• Avanade® WhitePaper Unlocking the business value of social, mobile, cloud and big data Organizations are encountering significant issues preventing them from updating to the latest versions of their technologies Between 23-27% are not able to demonstrate ROI, though of the ITDMs with this issue, between 47-56% again say that these technologies are presenting them with significant opportunities. This suggests that they are having an issue convincing the business to green light the improvements to infrastructure, though the key here is that updating to the latest version of a technology is being seen as something that necessarily should have a direct ROI as opposed to being something to help the organization keep pace with its competitors. It’s interesting to note that, looking at the same group of ITDMs, between 26-48% see this area as a major challenge. Potentially there is a feeling that excessive challenge will make budget allocation elsewhere more useful, which relates back to the issue highlighted above concerning budgets. Lack of capital and inability to demonstrate ROI slow or prevent organizations updating their technologies A significant number of organizations are currently in the process of evaluation (between 29%-36%), but these aside, organizations are hitting a variety of internal issues in getting their systems up to date. 31% 29% 27% 27% 27% 26% Another 17-20% of ITDMs don’t have the time or staff capacity to spend on such projects. This reflects the issue of other, more visible, projects being prioritized in the place of non-critical updates. Between 25-52% of these ITDMs say that such updates would be a significant challenge, further reflecting this feeling that the amount of resource that would be spent overcoming this challenge would be better spent elsewhere. 27% 23% 21% 19% 18% 20% 17% 2% 20% 15% 7% 6% 20% 2% 6% 4% 6% 2% Fifteen to twenty-one percent of ITDMs do not have the inhouse skills necessary to develop the technology. Crucially, it is these ITDMs who are most likely to view the technologies as a challenge – between 58-74%. This shows how important it is for organizations to have the right skill sets when updating their technologies to the latest versions. If specialist skill sets are lacking, the organization’s ability to keep pace with technology updates and changes is severely hampered. This is quite a challenge for the ITDM to overcome. We do not have the in-house skills to develop these technologies We do not have the capital to invest in these technologies We cannot demonstrate a rapid ROI to request the required investment We do not have the time or capacity to focus on projects like this Not a business need Figure five: ‘Which of the following statements best describes your reasons for not yet fully adopting the latest transformational technologies?’, asked of those who have not updated to the latest version of each technology (excluding those who are still in the process of evaluation) Between 27-31% simply do not have the capital to invest. This suggests an inability to budget intelligently, as between 40-57% of these ITDMs say that these technologies present them with significant opportunities. If the opportunities are present, why is the appropriate budget not being assigned accordingly? This hints at limitations being placed upon the IT department by the business – an issue that we’ll return to later. ©2013 Avanade Inc. All rights 7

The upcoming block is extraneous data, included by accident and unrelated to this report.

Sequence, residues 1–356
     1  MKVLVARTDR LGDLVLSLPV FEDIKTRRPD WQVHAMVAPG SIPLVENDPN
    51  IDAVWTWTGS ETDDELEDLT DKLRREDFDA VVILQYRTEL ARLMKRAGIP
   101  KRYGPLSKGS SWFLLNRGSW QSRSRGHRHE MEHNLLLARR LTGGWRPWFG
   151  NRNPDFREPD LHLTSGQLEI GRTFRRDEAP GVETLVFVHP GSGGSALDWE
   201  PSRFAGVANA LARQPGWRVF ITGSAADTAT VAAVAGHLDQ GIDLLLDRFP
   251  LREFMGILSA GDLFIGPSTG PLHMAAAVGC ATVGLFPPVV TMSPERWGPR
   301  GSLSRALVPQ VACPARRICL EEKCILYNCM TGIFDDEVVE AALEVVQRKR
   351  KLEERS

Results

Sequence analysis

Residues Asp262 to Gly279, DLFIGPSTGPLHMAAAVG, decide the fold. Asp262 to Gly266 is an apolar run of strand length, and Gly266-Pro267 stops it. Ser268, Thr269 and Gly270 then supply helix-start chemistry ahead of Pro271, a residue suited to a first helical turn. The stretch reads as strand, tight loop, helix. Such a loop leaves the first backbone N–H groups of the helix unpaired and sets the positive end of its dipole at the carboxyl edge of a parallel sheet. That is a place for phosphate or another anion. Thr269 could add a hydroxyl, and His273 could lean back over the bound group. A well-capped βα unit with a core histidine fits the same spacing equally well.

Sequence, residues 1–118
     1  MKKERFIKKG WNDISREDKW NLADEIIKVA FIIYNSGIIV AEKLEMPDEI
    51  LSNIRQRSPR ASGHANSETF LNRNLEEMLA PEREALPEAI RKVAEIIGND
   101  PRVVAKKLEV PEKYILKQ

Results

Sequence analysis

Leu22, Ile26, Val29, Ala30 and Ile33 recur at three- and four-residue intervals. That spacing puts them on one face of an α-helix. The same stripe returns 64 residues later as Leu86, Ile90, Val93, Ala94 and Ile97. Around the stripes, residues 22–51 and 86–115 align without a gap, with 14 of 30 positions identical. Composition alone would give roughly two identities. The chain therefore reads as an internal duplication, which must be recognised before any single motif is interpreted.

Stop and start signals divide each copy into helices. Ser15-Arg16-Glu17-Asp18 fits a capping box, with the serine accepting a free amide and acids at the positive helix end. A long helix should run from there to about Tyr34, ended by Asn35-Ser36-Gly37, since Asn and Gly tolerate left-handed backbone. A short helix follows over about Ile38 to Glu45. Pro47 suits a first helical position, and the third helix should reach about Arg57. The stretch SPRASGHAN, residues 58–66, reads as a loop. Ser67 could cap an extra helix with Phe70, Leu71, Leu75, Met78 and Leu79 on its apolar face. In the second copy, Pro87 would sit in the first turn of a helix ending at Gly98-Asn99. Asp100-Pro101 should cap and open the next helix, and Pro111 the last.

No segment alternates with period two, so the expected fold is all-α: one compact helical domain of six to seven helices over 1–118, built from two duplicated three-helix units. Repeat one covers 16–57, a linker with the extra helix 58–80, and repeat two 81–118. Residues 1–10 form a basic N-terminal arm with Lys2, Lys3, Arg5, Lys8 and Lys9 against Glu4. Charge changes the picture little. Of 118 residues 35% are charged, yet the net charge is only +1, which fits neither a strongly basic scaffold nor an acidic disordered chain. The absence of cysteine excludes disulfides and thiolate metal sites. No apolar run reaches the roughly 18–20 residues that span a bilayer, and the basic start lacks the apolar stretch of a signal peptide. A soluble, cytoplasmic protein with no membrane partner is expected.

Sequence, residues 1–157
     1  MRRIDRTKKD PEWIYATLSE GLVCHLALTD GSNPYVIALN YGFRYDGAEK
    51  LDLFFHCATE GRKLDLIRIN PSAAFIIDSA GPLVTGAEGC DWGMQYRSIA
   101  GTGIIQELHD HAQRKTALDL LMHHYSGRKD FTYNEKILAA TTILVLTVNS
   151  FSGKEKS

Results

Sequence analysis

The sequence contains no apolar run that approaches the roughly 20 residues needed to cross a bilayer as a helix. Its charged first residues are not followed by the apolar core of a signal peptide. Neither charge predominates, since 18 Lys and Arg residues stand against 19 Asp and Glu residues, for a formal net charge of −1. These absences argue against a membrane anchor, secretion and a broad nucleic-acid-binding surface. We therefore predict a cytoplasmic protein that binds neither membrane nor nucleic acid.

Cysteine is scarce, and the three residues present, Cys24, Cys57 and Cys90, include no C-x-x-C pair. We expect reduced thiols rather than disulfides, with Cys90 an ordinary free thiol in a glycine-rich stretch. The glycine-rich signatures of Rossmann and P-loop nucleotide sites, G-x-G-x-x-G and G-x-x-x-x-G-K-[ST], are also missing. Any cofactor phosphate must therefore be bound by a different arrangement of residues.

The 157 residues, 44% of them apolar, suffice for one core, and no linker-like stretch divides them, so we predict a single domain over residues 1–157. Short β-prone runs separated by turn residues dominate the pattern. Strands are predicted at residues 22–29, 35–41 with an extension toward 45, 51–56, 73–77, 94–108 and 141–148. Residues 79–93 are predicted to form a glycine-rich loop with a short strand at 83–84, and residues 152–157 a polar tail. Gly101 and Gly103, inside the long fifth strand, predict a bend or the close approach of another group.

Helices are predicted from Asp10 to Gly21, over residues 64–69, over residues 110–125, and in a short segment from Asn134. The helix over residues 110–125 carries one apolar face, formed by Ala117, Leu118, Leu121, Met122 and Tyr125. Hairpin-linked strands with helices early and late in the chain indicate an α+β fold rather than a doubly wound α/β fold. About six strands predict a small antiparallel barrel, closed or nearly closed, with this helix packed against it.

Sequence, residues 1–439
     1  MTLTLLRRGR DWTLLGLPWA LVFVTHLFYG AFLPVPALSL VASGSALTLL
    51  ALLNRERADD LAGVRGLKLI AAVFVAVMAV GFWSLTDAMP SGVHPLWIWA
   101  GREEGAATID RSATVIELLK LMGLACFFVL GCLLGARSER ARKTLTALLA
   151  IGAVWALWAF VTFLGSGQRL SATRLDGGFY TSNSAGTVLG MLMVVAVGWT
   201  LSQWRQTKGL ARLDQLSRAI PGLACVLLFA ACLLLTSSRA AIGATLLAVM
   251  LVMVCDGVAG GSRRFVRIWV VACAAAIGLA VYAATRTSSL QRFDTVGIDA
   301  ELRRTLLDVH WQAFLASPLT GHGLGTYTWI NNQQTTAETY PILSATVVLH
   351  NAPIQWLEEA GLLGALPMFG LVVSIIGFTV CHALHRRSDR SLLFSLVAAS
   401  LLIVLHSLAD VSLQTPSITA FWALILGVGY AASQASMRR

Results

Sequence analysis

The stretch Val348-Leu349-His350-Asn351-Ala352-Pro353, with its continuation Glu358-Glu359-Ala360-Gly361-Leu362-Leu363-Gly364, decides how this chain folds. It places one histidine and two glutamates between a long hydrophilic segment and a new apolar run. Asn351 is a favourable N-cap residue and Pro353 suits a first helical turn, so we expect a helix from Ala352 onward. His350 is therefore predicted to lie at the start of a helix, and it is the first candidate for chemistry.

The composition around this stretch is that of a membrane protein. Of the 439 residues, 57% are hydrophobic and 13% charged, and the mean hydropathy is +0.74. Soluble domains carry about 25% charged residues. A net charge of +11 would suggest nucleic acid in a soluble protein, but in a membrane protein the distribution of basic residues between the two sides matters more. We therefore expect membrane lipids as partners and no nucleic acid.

• Avanade® WhitePaper Unlocking the business value of social, mobile, cloud and big data Updates to technologies require careful management to be successful Alternatively, the organization may have overestimated the level of in-house skills available, or indeed underestimated the complexity of the updated technologies. Either scenario could have led to poor implementation. Organizations with the latest technologies are not always able to maximize the benefit We’ve already seen that organizations are suffering from limited capital and capacity to deploy updates, so potentially organizations who decided to push ahead with deployment despite having these concerns have suffered from these limitations during the deployment phase. Even those organizations who have updated to the latest versions are not necessarily reaping great benefit from them. Almost a third of such organizations feel that they are not able to make the best use of the latest versions of these technologies. Country analysis Comparing regions, again we see that while ITDMs broadly agree, there are some differences between the technologies areas. Infrastructure optimization (n=163) 67% 30% 2% Application development and management (n=164) 72% 26% 2% Business applications (n=152) 68% 31% 1% Collaboration and messaging applications (n=169) 68% 30% 2% For Infrastructure Optimization (22% using the latest version on average), China is the most likely to be using the latest version (29%), with Germany the least likely (15%). Of those who do have the latest version of this technology, 33% are not able to make full use of this technology on average, though just 21% of ITDMs based in the USA and China felt they weren’t maximizing the technology. For Application Development and Management (22% using the latest version on average), China and Japan are most likely to be using an up-to-date version (28% in China and 27% in Japan doing so), with the Netherlands and Spain the least likely (both on just 10%). Of those who do have the latest version of this technology, on average 33% not able to make full use of this technology, though less than a quarter of those in the USA (21%) and China (just 17%) felt they weren’t maximizing this. We are more or less maximizing the use of technologies and it fulfills our needs We are not making the most of the capabilities these new technologies can provide These technologies don’t do what we want them to do Figure six: ‘Which of the following statements best describes your reasons for not yet fully adopting the latest transformational technologies?’, asked of those who are using the latest versions When it comes to Business Applications (20% using the latest version on average), Japan is the most likely to be using the latest version (29% do so), with the Netherlands the least likely (just 8% do so). Of those who do have the latest version of this technology, on average 32% are not able to make full use of this technology, though just 17% of ITDMs based in the USA felt they weren’t maximizing this. This issue could stem from problems at any stage of the update process, either due to investigations into updates being inadequate (leading to misapprehensions in what the update would achieve) or poor implementation of the updates. Inadequate investigations could have led the organization to implementing software that isn’t yet fully supported in the market, meaning critical functions and features are missing or limited. Inadequate investigations into devices and applications may have led to compatibility issues, where newly deployed devices cannot properly use important applications (or vice-versa). ©2013 Avanade Inc. All rights Collaboration and Messaging Applications (23% using the latest version on average), China is the most likely to be using an up-to-date version (30%), with UK (16%) and Italy (17%) the least likely. 8